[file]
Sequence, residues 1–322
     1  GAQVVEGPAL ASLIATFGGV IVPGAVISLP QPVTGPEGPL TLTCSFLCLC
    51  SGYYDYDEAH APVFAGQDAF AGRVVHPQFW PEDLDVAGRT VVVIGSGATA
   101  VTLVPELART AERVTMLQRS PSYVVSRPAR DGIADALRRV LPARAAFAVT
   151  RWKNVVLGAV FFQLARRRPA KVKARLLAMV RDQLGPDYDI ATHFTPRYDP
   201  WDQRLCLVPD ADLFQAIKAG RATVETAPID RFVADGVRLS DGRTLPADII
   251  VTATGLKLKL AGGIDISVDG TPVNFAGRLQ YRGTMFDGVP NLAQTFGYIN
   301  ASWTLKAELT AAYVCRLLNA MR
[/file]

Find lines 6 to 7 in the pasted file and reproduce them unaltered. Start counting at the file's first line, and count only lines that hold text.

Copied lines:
   201  WDQRLCLVPD ADLFQAIKAG RATVETAPID RFVADGVRLS DGRTLPADII
   251  VTATGLKLKL AGGIDISVDG TPVNFAGRLQ YRGTMFDGVP NLAQTFGYIN